Sunday, September 26, 2010

Gifts from the Sky

My grandmother once told me, “Mary, you’re like the water. If you can’t go one way, you’ll find another path.” I like to think this was her way of blessing me, of discovering the silver thread running through my life. If I am like the water, it’s surely better to flow than to be spreading and stagnant. I’m not always good at cutting my losses, but I can certainly flow in a new direction with enthusiasm. That’s what happened with Ursula’s Frisbees. She loves chasing them, and if I’ve learned one thing about my puppy, it’s that letting her run off her abundant energy is almost more important than feeding her. If she doesn’t get her half hour of chasing the Frisbee at least once a day, she gets a little crazy. But she devours her Frisbees almost as soon as I throw them, filling the yard with plastic shards. The plastic wasn’t working, so I decided to try to crochet a disk., several actually, since I like doing it, and she often loses them.

The softer, floppy disks are a little heavier. They fly more slowly, and don’t sail quite as far. For Ursula, they’re perfect. If I toss one at a high angle, she can catch it in the air. It’s a treat to see her run out and gracefully leap to catch the colorful circle. There’s a tree at the edge of the yard, and every time I tossed the disk, a small herd of Monarch Butterflies would scatter from the tree. The dog would tear past, and then the butterflies would settle again until the next throw. I got caught up in watching the tiny ballet. Yesterday, for the first time ever, I actually wore her out instead of the other way around. She taught herself to retrieve, and generally will bring her toy right back to me. We’re still working on “drop it,” and “leave it.” After 20 minutes or so, she dropped the disk about 6 feet away from my feet, and then came up to be petted. I thought it was an accident, so I retrieved it myself and threw it again. She did the same thing, but I just wasn’t getting it. When I threw it once more it landed in the newly shorn bean field. She casually walked in the other direction, and lay down. Playtime was over.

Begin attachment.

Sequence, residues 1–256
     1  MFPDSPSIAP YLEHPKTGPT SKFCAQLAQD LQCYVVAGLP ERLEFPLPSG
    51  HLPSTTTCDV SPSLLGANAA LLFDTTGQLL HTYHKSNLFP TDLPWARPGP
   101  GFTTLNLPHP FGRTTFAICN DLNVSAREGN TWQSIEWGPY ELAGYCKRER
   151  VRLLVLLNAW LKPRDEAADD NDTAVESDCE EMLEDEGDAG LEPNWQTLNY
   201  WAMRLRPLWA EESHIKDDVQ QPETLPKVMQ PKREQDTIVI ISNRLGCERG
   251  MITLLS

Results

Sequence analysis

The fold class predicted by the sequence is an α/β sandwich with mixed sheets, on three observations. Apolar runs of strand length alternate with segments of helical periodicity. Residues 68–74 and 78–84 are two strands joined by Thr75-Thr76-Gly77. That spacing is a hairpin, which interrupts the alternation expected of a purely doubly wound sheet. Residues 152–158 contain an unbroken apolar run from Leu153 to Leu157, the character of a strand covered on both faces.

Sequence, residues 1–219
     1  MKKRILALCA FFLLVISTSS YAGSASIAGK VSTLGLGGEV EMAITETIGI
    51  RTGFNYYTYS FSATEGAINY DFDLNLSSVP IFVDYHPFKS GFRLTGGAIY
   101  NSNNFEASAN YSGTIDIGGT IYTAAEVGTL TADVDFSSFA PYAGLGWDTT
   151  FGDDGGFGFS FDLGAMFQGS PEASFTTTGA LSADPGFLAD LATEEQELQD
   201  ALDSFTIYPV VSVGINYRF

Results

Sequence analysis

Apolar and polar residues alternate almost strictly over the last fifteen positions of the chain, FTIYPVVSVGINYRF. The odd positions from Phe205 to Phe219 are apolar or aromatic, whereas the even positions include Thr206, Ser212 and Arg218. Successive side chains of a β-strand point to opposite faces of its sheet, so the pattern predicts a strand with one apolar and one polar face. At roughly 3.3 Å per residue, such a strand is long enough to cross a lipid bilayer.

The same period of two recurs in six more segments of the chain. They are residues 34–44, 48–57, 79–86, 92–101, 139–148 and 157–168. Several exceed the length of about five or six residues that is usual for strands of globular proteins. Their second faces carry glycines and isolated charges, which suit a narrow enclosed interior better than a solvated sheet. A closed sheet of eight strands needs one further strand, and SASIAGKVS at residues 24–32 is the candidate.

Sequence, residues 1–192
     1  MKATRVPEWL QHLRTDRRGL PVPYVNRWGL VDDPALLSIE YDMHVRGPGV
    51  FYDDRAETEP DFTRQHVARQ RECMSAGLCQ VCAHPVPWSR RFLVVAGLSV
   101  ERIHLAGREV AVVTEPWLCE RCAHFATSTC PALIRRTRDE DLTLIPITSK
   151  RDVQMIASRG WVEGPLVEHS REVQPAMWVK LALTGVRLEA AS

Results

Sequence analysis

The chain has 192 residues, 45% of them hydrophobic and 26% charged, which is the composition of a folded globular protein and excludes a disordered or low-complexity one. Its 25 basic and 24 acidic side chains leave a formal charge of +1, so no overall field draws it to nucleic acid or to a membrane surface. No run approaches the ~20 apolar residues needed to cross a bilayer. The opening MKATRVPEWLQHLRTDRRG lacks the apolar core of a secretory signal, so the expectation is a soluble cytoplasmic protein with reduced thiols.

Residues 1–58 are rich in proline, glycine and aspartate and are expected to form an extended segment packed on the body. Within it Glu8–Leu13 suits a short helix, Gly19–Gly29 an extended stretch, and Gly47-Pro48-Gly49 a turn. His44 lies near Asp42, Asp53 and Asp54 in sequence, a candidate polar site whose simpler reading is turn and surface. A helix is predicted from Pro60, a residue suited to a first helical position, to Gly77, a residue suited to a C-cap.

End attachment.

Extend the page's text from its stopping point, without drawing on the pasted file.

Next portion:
In Birdland for the past several weeks we’ve had visitations from the sky. At certain times of year we used to get a small but busy bunch of enormous dragonflies. They would zoom around the area above the little marshy part of the yard where the daylilies and cattails grow. They would fly in erratic patterns, like the bats who come at dusk, so I imagine them catching bugs up there. Now that we’ve changed the drainage of the yard and the cattails are gone, or maybe because of my new minimal mowing policy, their airspace has spread out—about 20 feet up, but covering the entire yard—they are like tiny helicopters chasing their frantic prey.

Next came the butterflies. We’ve been hosting various kinds all summer, of course, the small, yellow and white ones, the tiny blue ones, most recently some petite russet ones. Then last week I was mooching a ride to town from my dear friend, Barb. On the way down the driveway a flutter of orange and black caught my eye. There on the mulberry trees were hundreds of Monarchs resting with folded wings, hanging like the rusty leaves of autumn. I yelped, Barb stopped the car and we both got out, then went back in to retrieve cameras. We did a clumsy dance with the butterflies, trying to get close enough to focus a picture without disturbing them. We’d step forward, and the branches would explode with color. We’d step back, and they would settle, folding their wings and showing the muted undersides. We stood a long time, sharing the wonderful sight. Then we got back in the car and drove to town.

Yesterday, as I walked out into the field to get Ursula’s discarded toy, the butterflies scared up again. Not as many as last week—it must be the tail end of their migration—but a few linger in the trees. I thought about the gifts from the sky.

Fly in Peace; Flow in Beauty: Blessed Be.

Mary Lucille Hays lives in Birdland near White Heath. She is fascinated with flying things.

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